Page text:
Introduction: The natural history of myocardial infarction in women is different than in men. Evidence related to change in physical activity (PA) or sitting time (ST) after first myocardial infarction (MI) and the association with subsequent mortality in women is sparse.
Hypothesis: We hypothesized that women who increased or maintained high PA levels (>7.5 MET-hrs/wk ) following first MI would have lower subsequent risk of all-cause, coronary heart disease (CHD) and cardiovascular disease (CVD) mortality compared to women who remained inactive. We also hypothesized that women who decreased or maintained low levels of ST (<7 hrs/d) following first MI would have lower risk of mortality compared to women who maintained high amounts of ST.
Methods: We conducted a prospective analysis among postmenopausal women who experienced a confirmed post-baseline incident MI in the Women’s Health Initiative-Observational Study. The analysis included n = 877 women with PA and n = 514 women with ST assessed both prior to and after the MI. Recreational PA was self-reported at baseline and annually through year 8. ST was self-reported at baseline, year 3, and year 6. Change in PA and ST was calculated from time points immediately before and after MI. Change in PA and ST was assessed continuously and categorically. Categories for change in PA were: (1) active, maintained ≥ 7.5 MET-hrs/wk (equivalent to meeting current PA guidelines); (2) increased from <7.5 to >7.5 MET-hrs/wk; (3) decreased from >7.5 to <7.5 MET-hrs/wk; and (4) inactive, maintained <7.5 MET-hrs/wk. Categories for change in ST were: (1) maintained >7 hrs/d; (2) increased from <7 to >7 hrs/d; (3) decreased >7 to <7 hrs/d; and (4) maintained <7 hrs/d. The primary outcomes were all-cause, CHD and CVD mortality. Multivariable Cox proportional hazard models estimated hazard ratios (HR) and 95% confidence intervals (CI) adjusted for CVD risk factors, including congestive heart failure.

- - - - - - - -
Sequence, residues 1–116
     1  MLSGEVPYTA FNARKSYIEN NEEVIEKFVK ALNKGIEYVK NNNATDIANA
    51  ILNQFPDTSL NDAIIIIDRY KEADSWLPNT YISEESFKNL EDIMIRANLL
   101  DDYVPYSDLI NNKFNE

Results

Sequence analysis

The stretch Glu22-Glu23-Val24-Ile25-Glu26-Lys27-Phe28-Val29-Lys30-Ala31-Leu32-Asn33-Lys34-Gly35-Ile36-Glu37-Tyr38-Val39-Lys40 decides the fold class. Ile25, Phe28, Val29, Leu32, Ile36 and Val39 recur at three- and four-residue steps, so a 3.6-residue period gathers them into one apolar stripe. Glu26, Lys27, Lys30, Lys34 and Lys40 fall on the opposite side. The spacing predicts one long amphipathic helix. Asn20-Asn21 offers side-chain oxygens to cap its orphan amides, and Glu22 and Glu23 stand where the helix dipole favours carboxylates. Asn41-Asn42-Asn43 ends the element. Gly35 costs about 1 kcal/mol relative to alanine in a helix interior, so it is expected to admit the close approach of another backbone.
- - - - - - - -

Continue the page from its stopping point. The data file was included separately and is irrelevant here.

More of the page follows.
Results: Compared to women who remained inactive (< 7.5 MET-hrs/wk) following MI, the multivariable-adjusted HR’s of all-cause mortality were: 0.58 (0.37-0.90) for women who had been active and decreased physical activity; 0.37 (0.20-0.60) for women who had been inactive and increased activity to ≥ 7.5 MET-hrs/wk; and 0.50 (0.36-0.70) for women who remained active. Results were similar for CHD & CVD mortality. In contrast, all-cause mortality did not differ by change in sitting following MI when examined categorically. Nonetheless, when examined continuously, a 1 hour/day increase in sitting time pre- to post-MI was associated with a 9% increased risk of all-cause mortality (HR=1.09, 95% CI: 1.03-1.15).
Conclusions: Results suggest that increasing or maintaining physical activity and limiting sitting following a first MI may be important strategies for decreasing mortality in postmenopausal women.